The second story arc involves the Kingpin [and he's] going through the least amount of redesigning. The Goblin is getting a big redesign, and that's a great looking character. I came up with such a great Kraven idea the other day; I was so happy. Doc Ock's arms look fantastic. I think the biggest redesign, but it's not going to be for a while, is Venom, because Venom's whole thing comes out of clones and Secret Wars and all that stuff. He's the one that comes the most out of continuity, so his origin is going to be pretty new and his look will be new.

GIVEN THE NATURE AND IMPORTANCE OF THIS PROJECT, ARE YOU APPROACHING THIS ANY DIFFERENTLY AS A WRITER?

What I'm always trying to accomplish as a writer is to structure a plot that goes along its course--you're not rushing it if you don't have to--and each issue has enough drama to it. Most importantly, try to create dialogue and situations where the characters aren't talking at each other to further the plot, but are actually talking to each other; where they're embroiled in a conversation where not every line of dialogue is necessary, but you believe the characters are listening to each other. Like if Aunt May is talking, she can be having a whole other conversation than the one Peter wants to have.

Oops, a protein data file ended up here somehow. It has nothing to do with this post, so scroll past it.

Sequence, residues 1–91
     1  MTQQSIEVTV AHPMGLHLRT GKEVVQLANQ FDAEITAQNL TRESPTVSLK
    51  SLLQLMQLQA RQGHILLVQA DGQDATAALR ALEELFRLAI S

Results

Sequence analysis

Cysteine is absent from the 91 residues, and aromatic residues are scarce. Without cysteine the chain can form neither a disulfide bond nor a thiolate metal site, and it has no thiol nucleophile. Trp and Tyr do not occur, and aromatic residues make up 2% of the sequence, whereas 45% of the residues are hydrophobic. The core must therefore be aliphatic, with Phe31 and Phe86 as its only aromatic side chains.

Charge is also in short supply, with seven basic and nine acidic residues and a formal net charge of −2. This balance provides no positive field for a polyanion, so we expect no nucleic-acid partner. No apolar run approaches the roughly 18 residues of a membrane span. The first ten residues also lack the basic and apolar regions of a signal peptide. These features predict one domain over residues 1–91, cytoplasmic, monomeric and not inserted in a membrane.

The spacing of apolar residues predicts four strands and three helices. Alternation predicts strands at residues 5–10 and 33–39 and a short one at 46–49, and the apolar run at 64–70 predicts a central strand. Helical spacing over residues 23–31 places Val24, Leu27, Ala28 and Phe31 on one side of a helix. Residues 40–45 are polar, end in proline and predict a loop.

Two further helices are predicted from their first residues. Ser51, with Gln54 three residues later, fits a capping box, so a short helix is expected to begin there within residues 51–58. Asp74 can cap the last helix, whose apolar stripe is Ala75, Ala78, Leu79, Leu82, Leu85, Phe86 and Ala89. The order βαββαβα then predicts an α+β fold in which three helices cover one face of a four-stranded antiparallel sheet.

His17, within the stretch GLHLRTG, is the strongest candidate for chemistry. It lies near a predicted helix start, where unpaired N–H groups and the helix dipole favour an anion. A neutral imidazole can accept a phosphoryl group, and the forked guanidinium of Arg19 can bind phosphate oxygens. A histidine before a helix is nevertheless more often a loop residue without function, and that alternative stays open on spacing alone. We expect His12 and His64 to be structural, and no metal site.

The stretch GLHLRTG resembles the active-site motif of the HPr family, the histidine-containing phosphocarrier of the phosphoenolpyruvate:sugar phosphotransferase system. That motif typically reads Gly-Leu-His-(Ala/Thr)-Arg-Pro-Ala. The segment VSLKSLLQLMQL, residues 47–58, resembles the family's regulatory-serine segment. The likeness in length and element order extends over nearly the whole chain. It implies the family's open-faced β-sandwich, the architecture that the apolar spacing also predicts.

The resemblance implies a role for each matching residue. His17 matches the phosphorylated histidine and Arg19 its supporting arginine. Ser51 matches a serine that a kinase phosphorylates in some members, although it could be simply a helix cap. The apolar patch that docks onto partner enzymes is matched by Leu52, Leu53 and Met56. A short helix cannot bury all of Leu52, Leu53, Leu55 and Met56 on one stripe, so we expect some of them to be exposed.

I don't see a lot of that in comics. There are certain things that comics writers do that they just do. I personally like to see different styles of dialogue, and that's what was wanted on this book. It's not like I'm being asked to write like someone else. I'm just continuing my personal goals as a writer to bring the language up a little more. In doing this, I hope to accomplish a fun book at the same time. I'm not doing this to show how clever I am. Hopefully you won't even notice I'm doing it, but I'm trying to bring a whole modern cinematic feeling to the whole thing.